I noted last month that I had been listening to a set of Robert Greenberg‘s lectures on Beethoven from The Teaching Company. Having finished those, I have borrowed Greenberg’s lectures on the history of opera, and am enjoying them tremendously. They cover the history of opera from its beginnings in early seventeenth-century Venice until the early twentieth-century (the final work to be discussed in the series will be Puccini’s Tosca of 1900).
The first work Greenberg discusses in detail is Monteverdi’s Orfeo. It was first performed in the year 1607, and though productions of the work are rare today it is generally considered the first operatic masterwork. Renaissance composers invented opera in an attempt to revive Greek music-drama. Of course, they had no access to actual Greek music, and so were guided only by the ideal that the drama should be sung in such a way as to heighten the emotional resonance of the words. Orfeo was Monteverdi’s first attempt at such a fusion of words and music.
As it happens, I have a recording of Orfeo in my collection, so I sat down to listen to it again. A few things occurred to me as I did so. First, I’m tempted to believe that I can hear the striving after the Greek ideal: the music has a formal, otherworldly quality to it, beautiful but distant. It reminded me of nothing so much as Byzantium, as though a gold-encrusted mosaic had become animated and begun to sing; that Byzantium would have been the closest Greek-speaking culture to Monteverdi might be more than an accident. Certainly it doesn’t sound like Western medieval music, and it is only at the entrance of the Chorus, singing in Italian madrigal style, that familiar Renaissance sounds are heard.
Second, the opera was written before the concept of an aria had been invented. The singing consists, therefore, of long passages of recicative, or sung text, often given to a single voice for many minutes. The tempos are generally slow and stately. It all reminded me very much of Wagner’s operas, which might seem an odd connection, but consider: Wagner too wrote long, uninterrupted passages for single voices, and avoided arias, all in the pursuit of a unified music-drama. Of course, Monteverdi’s orchestration is much simpler than Wagner’s, and he doesn’t use the orchestra to animate the drama the way Wagner does, but even so I was surprised by the similarities between the two.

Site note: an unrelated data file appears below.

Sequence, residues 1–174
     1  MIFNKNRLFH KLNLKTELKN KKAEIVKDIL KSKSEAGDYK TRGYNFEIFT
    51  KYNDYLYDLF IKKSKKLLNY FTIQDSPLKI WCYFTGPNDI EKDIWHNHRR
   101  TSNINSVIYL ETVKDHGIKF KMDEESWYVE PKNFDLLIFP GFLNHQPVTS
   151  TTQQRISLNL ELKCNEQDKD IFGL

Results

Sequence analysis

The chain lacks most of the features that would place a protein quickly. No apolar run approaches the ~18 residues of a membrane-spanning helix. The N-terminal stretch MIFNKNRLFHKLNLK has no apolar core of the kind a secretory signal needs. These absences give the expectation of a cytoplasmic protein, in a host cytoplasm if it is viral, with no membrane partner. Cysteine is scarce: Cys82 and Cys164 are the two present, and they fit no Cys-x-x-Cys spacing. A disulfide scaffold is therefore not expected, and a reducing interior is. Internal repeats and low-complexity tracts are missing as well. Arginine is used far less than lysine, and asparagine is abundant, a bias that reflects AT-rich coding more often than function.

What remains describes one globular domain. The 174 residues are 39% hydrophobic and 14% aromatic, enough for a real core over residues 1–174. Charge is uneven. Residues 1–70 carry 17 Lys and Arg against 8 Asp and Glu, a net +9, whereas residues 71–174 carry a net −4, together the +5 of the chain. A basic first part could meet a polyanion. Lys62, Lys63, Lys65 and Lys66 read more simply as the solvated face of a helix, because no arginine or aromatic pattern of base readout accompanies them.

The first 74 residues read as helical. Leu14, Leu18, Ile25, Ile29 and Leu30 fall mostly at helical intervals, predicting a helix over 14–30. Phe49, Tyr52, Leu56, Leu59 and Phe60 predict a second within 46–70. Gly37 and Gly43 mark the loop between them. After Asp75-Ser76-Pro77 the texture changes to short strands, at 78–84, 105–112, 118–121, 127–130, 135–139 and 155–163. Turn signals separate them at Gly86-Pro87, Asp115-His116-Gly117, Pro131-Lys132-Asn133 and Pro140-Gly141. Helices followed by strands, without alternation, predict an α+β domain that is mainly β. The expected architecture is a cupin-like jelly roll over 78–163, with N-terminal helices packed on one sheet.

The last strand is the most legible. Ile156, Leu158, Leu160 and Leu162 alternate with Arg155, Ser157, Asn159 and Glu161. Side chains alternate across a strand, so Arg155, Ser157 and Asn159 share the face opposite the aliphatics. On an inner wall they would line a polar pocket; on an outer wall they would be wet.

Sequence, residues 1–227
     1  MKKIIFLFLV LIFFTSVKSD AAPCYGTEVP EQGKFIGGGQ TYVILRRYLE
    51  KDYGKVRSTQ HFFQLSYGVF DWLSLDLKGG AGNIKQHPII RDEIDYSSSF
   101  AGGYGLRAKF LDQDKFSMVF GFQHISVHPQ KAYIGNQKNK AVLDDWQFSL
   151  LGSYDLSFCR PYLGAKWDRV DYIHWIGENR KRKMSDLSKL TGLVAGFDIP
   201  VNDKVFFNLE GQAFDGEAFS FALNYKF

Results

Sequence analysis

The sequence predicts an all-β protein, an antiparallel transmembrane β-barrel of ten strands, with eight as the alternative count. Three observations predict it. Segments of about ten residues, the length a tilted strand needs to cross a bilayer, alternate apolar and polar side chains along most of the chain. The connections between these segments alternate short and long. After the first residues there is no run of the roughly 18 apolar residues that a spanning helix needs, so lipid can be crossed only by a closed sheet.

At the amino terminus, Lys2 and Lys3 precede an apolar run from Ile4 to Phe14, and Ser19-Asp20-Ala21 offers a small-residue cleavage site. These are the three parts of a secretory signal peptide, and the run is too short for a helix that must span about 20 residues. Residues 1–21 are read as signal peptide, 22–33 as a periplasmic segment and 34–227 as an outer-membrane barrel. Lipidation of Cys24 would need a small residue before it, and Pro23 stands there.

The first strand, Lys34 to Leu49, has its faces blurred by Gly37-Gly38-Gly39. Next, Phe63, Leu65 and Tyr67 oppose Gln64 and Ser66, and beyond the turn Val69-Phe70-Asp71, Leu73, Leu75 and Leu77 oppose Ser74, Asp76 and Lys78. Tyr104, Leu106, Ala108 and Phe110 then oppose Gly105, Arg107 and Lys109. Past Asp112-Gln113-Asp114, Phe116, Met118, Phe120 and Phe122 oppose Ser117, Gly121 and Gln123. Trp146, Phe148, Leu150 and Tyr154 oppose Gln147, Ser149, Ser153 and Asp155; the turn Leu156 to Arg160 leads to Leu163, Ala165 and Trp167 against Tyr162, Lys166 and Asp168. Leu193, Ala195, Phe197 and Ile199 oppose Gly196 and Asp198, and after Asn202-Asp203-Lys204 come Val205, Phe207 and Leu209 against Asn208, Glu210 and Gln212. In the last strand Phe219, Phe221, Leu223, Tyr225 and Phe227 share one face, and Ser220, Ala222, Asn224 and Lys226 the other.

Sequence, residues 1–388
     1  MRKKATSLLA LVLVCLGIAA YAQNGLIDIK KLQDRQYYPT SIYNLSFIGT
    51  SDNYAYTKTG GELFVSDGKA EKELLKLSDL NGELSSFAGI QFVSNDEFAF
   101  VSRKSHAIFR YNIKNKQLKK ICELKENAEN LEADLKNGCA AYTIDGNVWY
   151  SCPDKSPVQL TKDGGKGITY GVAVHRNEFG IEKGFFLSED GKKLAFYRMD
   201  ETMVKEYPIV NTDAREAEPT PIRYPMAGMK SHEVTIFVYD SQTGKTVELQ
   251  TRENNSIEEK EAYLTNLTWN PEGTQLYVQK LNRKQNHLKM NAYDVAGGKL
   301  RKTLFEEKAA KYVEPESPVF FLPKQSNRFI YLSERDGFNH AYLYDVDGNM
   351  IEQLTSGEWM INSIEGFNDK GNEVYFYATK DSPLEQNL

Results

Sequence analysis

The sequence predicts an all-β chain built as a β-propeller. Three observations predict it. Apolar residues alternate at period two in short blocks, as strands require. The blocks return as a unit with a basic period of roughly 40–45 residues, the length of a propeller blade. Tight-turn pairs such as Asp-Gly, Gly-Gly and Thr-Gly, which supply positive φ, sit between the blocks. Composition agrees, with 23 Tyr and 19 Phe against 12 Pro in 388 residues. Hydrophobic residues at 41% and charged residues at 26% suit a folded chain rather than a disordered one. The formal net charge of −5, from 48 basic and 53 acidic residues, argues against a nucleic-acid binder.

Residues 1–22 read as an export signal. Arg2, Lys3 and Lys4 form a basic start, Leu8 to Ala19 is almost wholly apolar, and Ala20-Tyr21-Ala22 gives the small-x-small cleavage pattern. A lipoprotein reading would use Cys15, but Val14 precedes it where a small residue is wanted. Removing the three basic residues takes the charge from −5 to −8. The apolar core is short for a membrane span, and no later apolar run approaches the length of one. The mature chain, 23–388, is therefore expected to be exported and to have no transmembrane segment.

The next opera in the lecture series was Mozart’s Idomeneo. Written when he was just 24 years old, it is not one of Mozart’s greatest masterworks, but it is considered one of the best operas in the genre opera seria, or “serious opera”. By Mozart’s day, a full 150 years after Monteverdi, certain operatic conventions and genres had evolved, and opera seria was that genre which dealt with mythological subjects and whose action was dominated by dignified acts and sentiments. Structurally an opera seria consisted of a series of arias connected by simple recicative.
Opera seria was wildly popular in its day, but has fallen out of favour in our own time. I myself have seen two opere serie in concert (Handel’s Giulio Cesare and Alcina), and can easily explain why they are unpopular: they are dead dull. In Mozart’s day the opera was a social occasion: during the performance people chatted, played cards, and ate dinner, much as we might do at a baseball game, and when a particularly lovely aria came up they would pause and listen a few minutes before returning to their conversation. In our own time, when we dress up, turn off our phones and pagers, and sit quietly and attentively, we give the opera attention it cannot bear. The plots move glacially, the recicative goes on and on, and there’s not much to love. At the last performance I attended a gentleman behind me found it advantageous to catch up on his sleep during the second act.
Having said that, Idomeneo is worth hearing a few times. Mozart wrote some lovely arias for it, and his music, as always, is graceful and elegant. At over three hours in length, however, I admit it wearied me. That fault does not afflict his great comic operas, and perhaps I’ll get to those next month.
This month I also received, as a gift, an excellent disc of classical guitar music. I don’t have much of this repertoire in my collection, so it was much appreciated. The centerpiece of the disc is Joaquin Rodrigo’s Concierto de Aranjuez, for guitar and orchestra. This is a tricky combination of forces, for the guitar is not a loud instrument, and it takes great skill on the composer’s part to manage the balance between soloist and orchestra. It’s a beautiful piece, with those zesty harmonies one often hears in Spanish music. (Here’s a live performance played by Narciso Yepes, the same soloist as on my recording.) This disc is rounded out with shorter works for solo guitar by Albeniz, Mudarra, and Granados. All of it has been new to me, and I’ve enjoyed it very much.
I’ve also had Van Morrison in high rotation these past weeks. The reason for that will be evident soon enough…